Where Benedict was a withdrawn absolutist, Francis is an engaged pragmatist. Here are two illuminating examples. The first is that he backed – as a last resort – civil unions for gay couples in Argentina as an alternative to full marriage equality. It’s extremely hard to imagine the mind of Ratzinger being capable of such a nuanced and practical stance in a specific situation:
Faced with the near certain passage of the gay marriage bill, Cardinal Bergoglio offered the civil union compromise as the “lesser of two evils,” said Sergio Rubin, his authorized biographer. “He wagered on a position of greater dialogue with society.”
In the end, though, a majority of the bishops voted to overrule him, his only such loss in his six-year tenure as head of Argentina’s bishops’ conference. But throughout the contentious political debate, he acted as both the public face of the opposition to the law and as a bridge-builder, sometimes reaching out to his critics.
“He listened to my views with a great deal of respect,” said Marcelo Márquez, a gay rights leader and theologian who wrote a tough letter to Cardinal Bergoglio and, to his surprise, received a call from him less than an hour after it was delivered. “He told me that homosexuals need to have recognized rights and that he supported civil unions, but not same-sex marriage.”
Here’s what impresses me: the call back to a gay rights activist. Dialogue. Empathy. I do not expect the Magisterium to change switly on homosexuality – but if we could only have a dialgoe, a discussion, some kind of glasnost on the subject, what an amazing change that would be! If Berguglio had succeeded in persuading the Argentine church to back civil unions, can you imagine how he would have been seen at the Conclave? Can you imagine Benedict’s conniption? Sometimes you need a straight Pope to deal honestly with gay issues.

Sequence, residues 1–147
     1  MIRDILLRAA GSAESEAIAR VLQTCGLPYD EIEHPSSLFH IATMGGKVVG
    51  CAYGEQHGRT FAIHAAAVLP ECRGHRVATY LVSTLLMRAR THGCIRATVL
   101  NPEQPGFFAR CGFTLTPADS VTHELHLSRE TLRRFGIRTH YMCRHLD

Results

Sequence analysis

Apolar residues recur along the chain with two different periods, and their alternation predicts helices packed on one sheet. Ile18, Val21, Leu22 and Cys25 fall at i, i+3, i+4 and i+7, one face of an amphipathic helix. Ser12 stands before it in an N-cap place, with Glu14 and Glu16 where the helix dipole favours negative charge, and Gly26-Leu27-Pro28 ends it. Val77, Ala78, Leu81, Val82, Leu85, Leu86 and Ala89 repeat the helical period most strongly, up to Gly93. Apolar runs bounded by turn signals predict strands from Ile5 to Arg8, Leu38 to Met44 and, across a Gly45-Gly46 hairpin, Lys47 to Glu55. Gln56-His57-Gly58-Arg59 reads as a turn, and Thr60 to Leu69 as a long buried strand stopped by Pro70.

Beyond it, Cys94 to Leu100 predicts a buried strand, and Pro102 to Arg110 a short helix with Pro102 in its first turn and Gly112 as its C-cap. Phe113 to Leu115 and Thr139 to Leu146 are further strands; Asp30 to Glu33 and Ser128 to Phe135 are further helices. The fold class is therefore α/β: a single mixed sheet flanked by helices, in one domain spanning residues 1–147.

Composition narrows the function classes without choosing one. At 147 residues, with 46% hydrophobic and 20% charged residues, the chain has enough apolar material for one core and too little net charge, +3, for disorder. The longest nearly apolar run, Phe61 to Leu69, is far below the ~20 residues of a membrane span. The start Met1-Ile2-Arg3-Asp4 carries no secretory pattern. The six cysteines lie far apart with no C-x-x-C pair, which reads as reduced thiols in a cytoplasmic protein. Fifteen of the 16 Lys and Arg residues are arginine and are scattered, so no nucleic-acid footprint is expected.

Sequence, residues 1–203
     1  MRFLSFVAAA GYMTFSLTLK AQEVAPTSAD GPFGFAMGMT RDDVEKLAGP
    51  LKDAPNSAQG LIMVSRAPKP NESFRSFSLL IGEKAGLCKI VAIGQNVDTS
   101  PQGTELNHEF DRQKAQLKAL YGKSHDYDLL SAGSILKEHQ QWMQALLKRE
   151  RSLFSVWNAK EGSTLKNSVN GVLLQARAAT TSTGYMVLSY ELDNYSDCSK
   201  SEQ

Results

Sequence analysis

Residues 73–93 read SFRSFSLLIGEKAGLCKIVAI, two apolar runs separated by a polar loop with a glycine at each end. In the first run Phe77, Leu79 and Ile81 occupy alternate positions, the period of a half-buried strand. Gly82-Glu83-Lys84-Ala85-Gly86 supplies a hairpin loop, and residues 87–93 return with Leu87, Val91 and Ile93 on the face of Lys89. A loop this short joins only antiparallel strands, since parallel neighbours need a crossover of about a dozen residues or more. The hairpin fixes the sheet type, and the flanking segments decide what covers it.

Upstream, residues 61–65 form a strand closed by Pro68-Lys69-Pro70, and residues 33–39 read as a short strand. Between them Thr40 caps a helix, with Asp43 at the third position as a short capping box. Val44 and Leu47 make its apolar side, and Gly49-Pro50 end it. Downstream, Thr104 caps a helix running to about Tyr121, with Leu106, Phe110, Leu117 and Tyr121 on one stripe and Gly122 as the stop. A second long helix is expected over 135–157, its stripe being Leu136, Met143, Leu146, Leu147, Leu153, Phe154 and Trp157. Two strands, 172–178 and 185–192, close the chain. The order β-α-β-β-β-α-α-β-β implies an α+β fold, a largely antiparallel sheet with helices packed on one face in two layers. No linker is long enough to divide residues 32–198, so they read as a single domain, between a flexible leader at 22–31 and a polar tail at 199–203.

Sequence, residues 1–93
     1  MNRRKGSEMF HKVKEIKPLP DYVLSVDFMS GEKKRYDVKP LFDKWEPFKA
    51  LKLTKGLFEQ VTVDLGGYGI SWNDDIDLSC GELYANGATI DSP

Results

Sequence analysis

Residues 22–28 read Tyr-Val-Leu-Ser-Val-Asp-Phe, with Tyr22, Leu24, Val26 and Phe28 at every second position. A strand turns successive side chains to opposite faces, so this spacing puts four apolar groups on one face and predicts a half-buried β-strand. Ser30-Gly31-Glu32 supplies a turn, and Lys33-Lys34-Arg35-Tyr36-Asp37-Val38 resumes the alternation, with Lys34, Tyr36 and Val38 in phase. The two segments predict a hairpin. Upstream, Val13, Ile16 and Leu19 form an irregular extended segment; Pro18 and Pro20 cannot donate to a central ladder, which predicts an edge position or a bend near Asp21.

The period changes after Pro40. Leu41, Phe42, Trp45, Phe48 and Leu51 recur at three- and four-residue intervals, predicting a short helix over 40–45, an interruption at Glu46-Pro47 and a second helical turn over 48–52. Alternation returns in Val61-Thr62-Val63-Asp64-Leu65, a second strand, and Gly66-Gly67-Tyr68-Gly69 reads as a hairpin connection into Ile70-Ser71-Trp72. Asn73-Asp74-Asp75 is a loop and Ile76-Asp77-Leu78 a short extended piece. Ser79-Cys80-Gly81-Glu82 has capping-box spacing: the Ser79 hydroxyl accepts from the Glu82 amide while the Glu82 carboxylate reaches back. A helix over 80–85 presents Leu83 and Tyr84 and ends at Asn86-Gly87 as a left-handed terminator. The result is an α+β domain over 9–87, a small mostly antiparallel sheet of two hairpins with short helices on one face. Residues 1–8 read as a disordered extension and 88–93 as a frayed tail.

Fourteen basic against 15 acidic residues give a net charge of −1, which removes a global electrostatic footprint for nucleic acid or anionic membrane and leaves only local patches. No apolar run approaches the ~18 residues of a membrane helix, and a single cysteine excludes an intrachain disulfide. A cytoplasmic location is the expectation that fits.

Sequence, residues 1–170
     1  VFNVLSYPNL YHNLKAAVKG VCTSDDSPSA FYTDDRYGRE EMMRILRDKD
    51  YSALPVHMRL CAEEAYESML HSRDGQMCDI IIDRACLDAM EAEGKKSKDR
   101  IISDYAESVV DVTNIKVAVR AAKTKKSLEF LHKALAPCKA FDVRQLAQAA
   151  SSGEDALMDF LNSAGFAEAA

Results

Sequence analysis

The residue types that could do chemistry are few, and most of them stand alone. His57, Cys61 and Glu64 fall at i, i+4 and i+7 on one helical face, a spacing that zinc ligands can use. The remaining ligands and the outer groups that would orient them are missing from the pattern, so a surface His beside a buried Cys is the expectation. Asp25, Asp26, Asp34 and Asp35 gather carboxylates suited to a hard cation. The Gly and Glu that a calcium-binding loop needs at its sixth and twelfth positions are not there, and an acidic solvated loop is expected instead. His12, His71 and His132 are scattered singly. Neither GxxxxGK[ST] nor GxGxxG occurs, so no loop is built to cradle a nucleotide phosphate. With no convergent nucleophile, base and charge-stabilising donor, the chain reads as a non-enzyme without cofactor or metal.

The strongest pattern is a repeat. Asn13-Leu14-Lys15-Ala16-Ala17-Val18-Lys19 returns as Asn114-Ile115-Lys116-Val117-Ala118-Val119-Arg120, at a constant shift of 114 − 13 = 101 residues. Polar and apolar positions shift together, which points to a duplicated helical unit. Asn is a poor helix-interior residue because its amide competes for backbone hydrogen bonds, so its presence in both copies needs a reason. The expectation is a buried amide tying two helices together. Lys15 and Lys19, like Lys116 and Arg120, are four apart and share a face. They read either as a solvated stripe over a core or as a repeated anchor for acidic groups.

Then this striking flexibility on priestly celibacy, in an interview last year, after retelling a story of falling head over heels in love as a young man:
Bergoglio admits he was able to choose his path as a priest over the girl but realizes that not all priests can do this. Bergoglio added, “When something like this happens to a seminarian, I help him go in peace to be a good Christian and not a bad priest.
“In the Western Church to which I belong, priests cannot be married as in the Byzantine, Ukrainian, Russian or Greek Catholic Churches. In those Churches, the priests can be married, but the bishops have to be celibate. They are very good priests. In Western Catholicism, some organizations are pushing for more discussion about the issue. For now, the discipline of celibacy stands firm. Some say, with a certain pragmatism, that we are losing manpower. If, hypothetically, Western Catholicism were to review the issue of celibacy, I think it would do so for cultural reasons (as in the East), not so much as a universal option.”
He continued, “If a priest tells me he got excited and that he had a fall, I help him to get on track again. There are priests who get on track again and others who do not…The double life is no good for us. I don’t like it because it means building on falsehood. Sometimes I say: ‘If you can not overcome it, make your decision’.”
Yes, yes, yes: confirmation bias, wishful thinking, you name it. But there is nothing unchangeable about the celibacy requirement. Half of Catholic Christendom has married priests. My old parish in England, where I first received Holy Communion, now has a married priest – a former Anglican. These are management, not doctrinal decisions. Francis understands that, it seems. These procedures can change. For the sake of the survival of the church in the West, they must.
(Photo: Franciscan friars ariive in St. Peter’s Square attend the Inauguration Mass of Pope Francis on March 19, 2013 in Vatican City, Vatican. By Franco Origlia/Getty Images.)